McCarthy Transport uses “the best to provide the best”: They rely on the EROAD Clarity Dashcam to protect their drivers and assets.
McCarthy Transport is a logging cartage contractor based in the Lower North Island, with hubs in Wanganui, Karioi, and Masterton. Family-owned and operated by three generations of McCarthys, they started with just three logging trucks 71 years ago and now have 136.
Operations manager Mike McCarthy oversees all parts of the business, including the workshop and engineering division where they build their own trailers. McCarthy Transport has had EROAD telematics for at least 10 years now and they’ve just done a big upgrade: Any remaining units with the first-gen Ehubo are being replaced with the Ehubo2, and all trucks are getting the EROAD Clarity dashcam.
But this isn’t McCarthy’s first foray into dashcams. Previously, they had another, more basic system: “Like the EROAD camera, it’s constantly recording,” says Mike, “but you can’t go live on it. You have an incident, you request the footage, and it downloads.”
The other thing was that the night-time picture resolution on the outward-facing camera was “very poor.” While he says their old cameras worked well enough to more or less reach the same conclusion in the event of an incident, “it would have been a lot harder to see. When we tried EROAD, it was chalk and cheese, the quality of the video.” The picture clarity they experience with the EROAD Clarity Dashcam provides valuable peace of mind.
The management portal of the old system was also “a lot clunkier” and more difficult to navigate when trying to retrieve footage. “MyEROAD is really well laid out. It’s reasonably simple and easy to find what you want. It’s a lot more user-friendly and better quality than what we had.”
Just three months after switching, the EROAD Clarity Dashcam came in handy: “We had an incident where a truck lost traction on a slippery road and went into a bank, and the truck ended up on its side.”
Having visited the accident site himself, Mike admits that the logical conclusion to jump to would be that the driver had been going too fast and simply lost control of the vehicle. After reviewing the dashcam footage and the vehicle’s speed, however, it was clear that the incident was simply the result of “really, really bad luck”.
“The driver wasn’t doing excessive speed; he was driving like any other professional truck driver would. He hit a slippery surface and locked up, but the dashcam just made it really clear – and you can’t argue it, really. It’s there and that’s how it was, so it just takes all of the questions away, having that footage.”
Even better, incidents can be resolved in a timely manner, providing quick relief to the people involved: “The driver’s not stressing going, Was that my mistake? or What could I have done better? It’s just all done and dusted, and you can move on.”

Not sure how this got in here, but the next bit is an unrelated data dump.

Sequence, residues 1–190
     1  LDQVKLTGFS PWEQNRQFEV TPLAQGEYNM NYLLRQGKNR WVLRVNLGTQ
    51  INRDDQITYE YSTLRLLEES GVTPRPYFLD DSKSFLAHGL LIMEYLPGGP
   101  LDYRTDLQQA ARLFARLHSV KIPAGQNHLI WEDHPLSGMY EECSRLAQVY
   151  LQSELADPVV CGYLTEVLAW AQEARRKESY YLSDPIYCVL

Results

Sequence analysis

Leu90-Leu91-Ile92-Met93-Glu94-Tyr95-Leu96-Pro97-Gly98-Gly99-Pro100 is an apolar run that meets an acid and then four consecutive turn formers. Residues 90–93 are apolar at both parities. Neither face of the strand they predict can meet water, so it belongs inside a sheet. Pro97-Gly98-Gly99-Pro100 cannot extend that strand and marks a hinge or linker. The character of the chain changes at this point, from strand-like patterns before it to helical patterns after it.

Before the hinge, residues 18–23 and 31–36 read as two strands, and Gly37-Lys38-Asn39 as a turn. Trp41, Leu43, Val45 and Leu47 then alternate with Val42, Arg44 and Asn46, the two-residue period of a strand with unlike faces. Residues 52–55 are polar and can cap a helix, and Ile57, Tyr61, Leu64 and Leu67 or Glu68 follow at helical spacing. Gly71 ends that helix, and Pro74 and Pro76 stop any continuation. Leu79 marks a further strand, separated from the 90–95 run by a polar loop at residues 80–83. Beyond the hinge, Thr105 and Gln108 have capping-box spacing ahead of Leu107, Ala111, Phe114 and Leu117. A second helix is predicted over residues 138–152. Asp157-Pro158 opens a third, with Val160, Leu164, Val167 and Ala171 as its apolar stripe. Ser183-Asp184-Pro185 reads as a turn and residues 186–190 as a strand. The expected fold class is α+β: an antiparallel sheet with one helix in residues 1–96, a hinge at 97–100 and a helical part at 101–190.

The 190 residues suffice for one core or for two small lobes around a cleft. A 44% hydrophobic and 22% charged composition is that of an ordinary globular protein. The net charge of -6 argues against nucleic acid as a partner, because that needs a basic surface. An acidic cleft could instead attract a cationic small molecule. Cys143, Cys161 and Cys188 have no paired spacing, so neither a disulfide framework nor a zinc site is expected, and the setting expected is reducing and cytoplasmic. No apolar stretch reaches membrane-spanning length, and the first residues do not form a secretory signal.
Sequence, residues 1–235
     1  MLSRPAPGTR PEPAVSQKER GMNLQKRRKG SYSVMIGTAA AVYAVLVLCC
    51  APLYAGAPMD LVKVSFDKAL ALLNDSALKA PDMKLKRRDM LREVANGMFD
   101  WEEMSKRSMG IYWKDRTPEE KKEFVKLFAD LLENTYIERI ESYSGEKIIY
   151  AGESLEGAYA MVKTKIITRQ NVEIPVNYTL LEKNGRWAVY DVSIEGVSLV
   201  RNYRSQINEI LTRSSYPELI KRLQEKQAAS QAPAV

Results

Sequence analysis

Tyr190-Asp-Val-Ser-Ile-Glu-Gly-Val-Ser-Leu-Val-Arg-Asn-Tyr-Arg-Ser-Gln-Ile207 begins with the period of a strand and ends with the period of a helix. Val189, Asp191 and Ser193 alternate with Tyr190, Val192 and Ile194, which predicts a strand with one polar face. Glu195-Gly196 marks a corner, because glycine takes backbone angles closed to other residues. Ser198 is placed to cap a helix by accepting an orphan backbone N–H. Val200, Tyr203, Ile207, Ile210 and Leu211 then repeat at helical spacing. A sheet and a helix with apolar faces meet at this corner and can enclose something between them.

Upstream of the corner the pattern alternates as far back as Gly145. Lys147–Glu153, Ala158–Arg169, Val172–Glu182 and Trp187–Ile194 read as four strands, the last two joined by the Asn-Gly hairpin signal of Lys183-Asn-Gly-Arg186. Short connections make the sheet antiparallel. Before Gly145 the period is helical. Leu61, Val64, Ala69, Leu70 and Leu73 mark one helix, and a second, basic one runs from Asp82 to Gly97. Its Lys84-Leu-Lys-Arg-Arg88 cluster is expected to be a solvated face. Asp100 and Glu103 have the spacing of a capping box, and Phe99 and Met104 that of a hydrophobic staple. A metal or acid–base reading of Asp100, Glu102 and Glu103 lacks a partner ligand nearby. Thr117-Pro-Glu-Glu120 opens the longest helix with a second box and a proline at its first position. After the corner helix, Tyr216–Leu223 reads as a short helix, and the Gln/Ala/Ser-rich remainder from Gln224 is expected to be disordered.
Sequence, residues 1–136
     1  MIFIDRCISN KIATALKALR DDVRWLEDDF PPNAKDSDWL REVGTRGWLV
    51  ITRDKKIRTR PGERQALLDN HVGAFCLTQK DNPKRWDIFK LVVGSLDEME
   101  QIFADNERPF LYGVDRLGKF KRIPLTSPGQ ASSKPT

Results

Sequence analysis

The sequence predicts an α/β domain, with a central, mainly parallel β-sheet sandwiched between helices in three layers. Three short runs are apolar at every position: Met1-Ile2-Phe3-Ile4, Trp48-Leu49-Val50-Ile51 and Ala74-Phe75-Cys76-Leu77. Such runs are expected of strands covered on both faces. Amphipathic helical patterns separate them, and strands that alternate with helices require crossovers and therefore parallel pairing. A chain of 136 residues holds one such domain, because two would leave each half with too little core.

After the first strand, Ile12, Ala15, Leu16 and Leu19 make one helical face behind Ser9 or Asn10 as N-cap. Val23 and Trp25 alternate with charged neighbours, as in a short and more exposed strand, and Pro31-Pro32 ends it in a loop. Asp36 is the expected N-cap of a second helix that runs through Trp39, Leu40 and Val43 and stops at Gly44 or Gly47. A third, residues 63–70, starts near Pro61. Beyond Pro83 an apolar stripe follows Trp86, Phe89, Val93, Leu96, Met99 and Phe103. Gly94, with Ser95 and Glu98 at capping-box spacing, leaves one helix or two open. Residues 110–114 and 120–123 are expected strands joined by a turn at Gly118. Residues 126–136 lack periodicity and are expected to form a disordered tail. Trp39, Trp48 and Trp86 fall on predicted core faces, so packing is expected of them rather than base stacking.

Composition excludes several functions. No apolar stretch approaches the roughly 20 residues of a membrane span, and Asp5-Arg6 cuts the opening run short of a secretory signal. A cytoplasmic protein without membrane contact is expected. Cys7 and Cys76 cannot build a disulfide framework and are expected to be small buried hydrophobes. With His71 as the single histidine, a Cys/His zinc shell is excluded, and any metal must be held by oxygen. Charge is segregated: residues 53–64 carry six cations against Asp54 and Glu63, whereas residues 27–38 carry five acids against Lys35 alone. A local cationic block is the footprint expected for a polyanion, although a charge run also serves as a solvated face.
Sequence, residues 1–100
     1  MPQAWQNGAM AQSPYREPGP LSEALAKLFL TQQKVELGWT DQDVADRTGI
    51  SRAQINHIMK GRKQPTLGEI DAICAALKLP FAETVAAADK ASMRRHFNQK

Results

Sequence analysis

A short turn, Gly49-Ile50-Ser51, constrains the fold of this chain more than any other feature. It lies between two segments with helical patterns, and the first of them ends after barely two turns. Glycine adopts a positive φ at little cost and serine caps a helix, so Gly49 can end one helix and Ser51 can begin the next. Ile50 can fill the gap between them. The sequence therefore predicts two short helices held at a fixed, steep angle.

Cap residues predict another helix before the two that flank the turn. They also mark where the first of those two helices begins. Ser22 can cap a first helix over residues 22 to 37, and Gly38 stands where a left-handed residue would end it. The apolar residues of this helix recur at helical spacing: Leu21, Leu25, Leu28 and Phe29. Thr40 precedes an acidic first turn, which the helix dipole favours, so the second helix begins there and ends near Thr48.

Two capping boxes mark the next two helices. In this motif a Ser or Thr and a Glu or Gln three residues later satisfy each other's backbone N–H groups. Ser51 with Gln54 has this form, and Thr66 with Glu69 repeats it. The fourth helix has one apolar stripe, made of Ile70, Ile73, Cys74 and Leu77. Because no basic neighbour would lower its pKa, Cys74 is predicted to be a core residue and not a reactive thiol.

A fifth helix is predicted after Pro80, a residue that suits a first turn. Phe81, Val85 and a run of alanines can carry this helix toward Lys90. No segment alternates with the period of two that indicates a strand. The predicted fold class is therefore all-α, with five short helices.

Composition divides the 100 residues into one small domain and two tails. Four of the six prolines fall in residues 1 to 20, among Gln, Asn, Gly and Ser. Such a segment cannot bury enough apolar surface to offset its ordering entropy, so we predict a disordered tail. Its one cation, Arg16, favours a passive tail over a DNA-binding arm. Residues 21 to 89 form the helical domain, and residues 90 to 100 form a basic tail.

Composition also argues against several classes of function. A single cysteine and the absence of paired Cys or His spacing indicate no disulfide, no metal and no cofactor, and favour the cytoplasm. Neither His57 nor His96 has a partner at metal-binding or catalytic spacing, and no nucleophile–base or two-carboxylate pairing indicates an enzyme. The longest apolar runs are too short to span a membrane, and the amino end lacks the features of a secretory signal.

Because he was uninjured, the driver was actually cleared for work the very next day, meaning no downtime for himself or McCarthy Transport. “without the dashcam, that could have taken three days rather than one day.”
Insurance companies are also part of this speedy resolution. They requested the footage and were able to see exactly what happened, nullifying the need for further questions or investigation – and facilitating a faster pay-out.
So exactly why did the accident happen?
“It was a very poor road surface, so the tar seal had risen,” explains Mike. With no stones on top to provide traction, the surface was smooth and, to make matters worse, it had rained heavily the night before.
“It was a wet, wet road,” he recalls, “but a lot of guys who stopped said, ‘Yeah, that’s a dangerous piece of road. Everyone knows about that.’”
Which led Mike to wondering why no one was doing anything about it. So they sent the footage to the Tararua Alliance Council, who were actually already aware of the problem. But because of the footage, they saw just how bad it was, fast-tracked the repairs, and the road is now good as new!
Speaking of fast, the investigation itself, which might normally take a week, was cut down to just a day.
Driver adoption of dashcams was relatively smooth as well, with only about 20% questioning the need. But once they saw and understood how the camera actually works – and that audio was not being picked up – they were fine with it.
“There’s been anti-dashcam guys who have been involved in incidents, and they are now very, very pro-dashcam.” In one case, a motorcyclist, suddenly crossed the centre line and collided with the truck, resulting in a fatality – one that could not have been prevented by the driver.
While he believes the investigation would have rightfully concluded that the driver was not at fault, there would have been a lot more questions around it. Including from the driver himself.
“Being able to show the driver that was really good closure,” says Mike. “And it certainly makes my job a lot easier, too.”
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